Monday, November 22, 2010

The Geography of Surface and Depth: San Francisco and Tokyo

The San Francisco underground – at least the part of the BART that I rode inside the city proper – is really terrible. There are no maps near the ticket machines, no audible station announcements, no signs with station names easily visible from the train at stops. If you want to know how to make the train less convenient and accessible than the bus, come to San Francisco. It's one stark contrast with Tokyo, whose subway organization and labeling is relentlessly clear and logical, down to a multilingualism that makes it potentially transparent (after a certain learning curve) to an array of foreigners.

The contrasts in the two cities' landscapes are layered and transverse. At the very surface, SF is a beautifully mystified city – a mosaic of murals, creative storefronts, beautiful century-old brass scrollwork, window displays, public art. By contrast, while I don't have a great deal of personal grounds for comparison, others before me have described Tokyo as one of the drabbest, if not outright ugliest, of the great cities. Its parks are scraggly and unkempt, and as much as they are romanticized by a certain American subset who fetishize their “postmodernity,” the unregulated trammel of racing neon lights, dirty plastic mascots, and frantically spinning tin signs amount more than anything to an unending eyesore. There are the struggles of a small few humanizers – graffiti artists and creative boutique retailers fighting the grey concrete and off-white tile, the textural regularity of the cheap and mass-produced buildings – but the fight, against indifferent ward governments and citizens long cowed into aesthetic submission, is one they can't win.

But at another level, the roles reverse. Beneath its surface vulgarity, for instance if we travel the paths of its streets and experience their flow, or even just look at a map of any random section of the 23 wards, we can see that Tokyo's humanity and chaos are inscribed at a deeper level. The map to the right happens to be of Shibuya, but shows a familiar pattern – a major hub towards which major streets and minor lanes alike converge, inconsistently, with kinks and swerves, revealing the trace of pedestrians and rickshaws and palanquins carving them by consensus over the course of a century or three. Streets bend and spiral, both at the level of the block and the level of the city as a whole.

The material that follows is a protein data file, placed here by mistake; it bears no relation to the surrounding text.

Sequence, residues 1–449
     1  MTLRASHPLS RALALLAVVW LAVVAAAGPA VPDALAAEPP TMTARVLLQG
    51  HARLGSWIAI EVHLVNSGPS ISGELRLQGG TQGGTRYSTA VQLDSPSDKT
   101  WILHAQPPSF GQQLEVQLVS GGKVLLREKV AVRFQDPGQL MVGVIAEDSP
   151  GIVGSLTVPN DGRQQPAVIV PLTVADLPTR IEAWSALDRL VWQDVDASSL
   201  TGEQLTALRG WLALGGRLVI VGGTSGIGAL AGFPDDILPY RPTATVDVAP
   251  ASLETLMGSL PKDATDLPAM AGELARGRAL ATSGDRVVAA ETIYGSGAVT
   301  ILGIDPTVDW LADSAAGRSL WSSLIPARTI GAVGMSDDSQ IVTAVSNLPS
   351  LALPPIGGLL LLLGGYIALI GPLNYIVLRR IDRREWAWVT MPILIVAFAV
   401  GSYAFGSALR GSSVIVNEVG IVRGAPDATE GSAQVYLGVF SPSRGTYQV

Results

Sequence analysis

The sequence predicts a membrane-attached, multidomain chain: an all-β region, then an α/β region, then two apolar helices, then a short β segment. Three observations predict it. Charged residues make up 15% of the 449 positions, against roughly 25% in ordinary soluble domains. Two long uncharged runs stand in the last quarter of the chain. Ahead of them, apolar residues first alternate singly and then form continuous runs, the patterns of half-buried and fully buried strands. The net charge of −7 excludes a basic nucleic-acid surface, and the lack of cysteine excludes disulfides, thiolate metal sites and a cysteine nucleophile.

The example that occurs to me now is Yamanote Dori, which originates (as far as my usage of it, anyway) up in the northwest territories (Nakano, Suginami) and curves around Tokyo's belly (Shibuya, Ebisu) only to perform an utterly ridiculous pirouette as it ends right around Shinagawa. The road is a rough sketch of the Golden Ratio, the formula that forms the snail's shell or the fern frond, or the arc traced by a split atom. Its name, “Hand of the Mountain,” summons fairy tales about devious woodsmen. At that more atomic level, even the most insignificant backstreet is likely to trace a similar swerve, and to do it while utterly nameless. Even the larger streets are scarcely signed, leading to a kind of spatial darkness, a cloaking mystery that is the inverse of the subway's clarity. Native Japanese and foreigners alike cluster at the maps around subway exits and police boxes, quizzical and searching. Just as the subway's ease is multilingual, the impenetrability of the streets has nothing to do with one's tongue – rather, it is a function of a more cosmopolitan closure (that is, an equal rejection of all against all), each district, ward, and cho requiring its own degree of local knowledge for confident travel.

Contrast all of this with San Francisco, which is essentially two grids that knit together along a street whose name is purported to reflect everything that is most rational – Market. The streets are numbered, or they are named for men – Geary, O'Farrell, Montgomery, Hyde. This humanism is ironically unlike the creativity of the muralists and graffiti writers, its assertion of permanence and influence only diminishing the city, rendering it a faint protest against the ages.

Tokyo, then, is an uncanny city, hiding itself, producing its own shadows, while San Francisco (from its weather on down) is the ultimate visibile city, sun-drenched (even the adult DVD stores and peepshows are lit up, with open lobbies, public . . .). But the uncanny is dual, and so is publicness – Freud of course conceived the uncanny originally in German, as the unheimlich, or un-homelike, a more easily conceived negative that contains its own inverse. Tokyo's opacity renders it familiar on the local level, its myriad screens and curtains concealing warm and congenial spaces, while San Francisco's warmth spills out onto its transparent streets. This doesn't diminish the value of that warmth, but it renders its surface smooth – the whole city is warm, and the passage from place to place is not a passage from the familiar to the unknown. San Francisco's internal passages are of another sort, on which more shortly.

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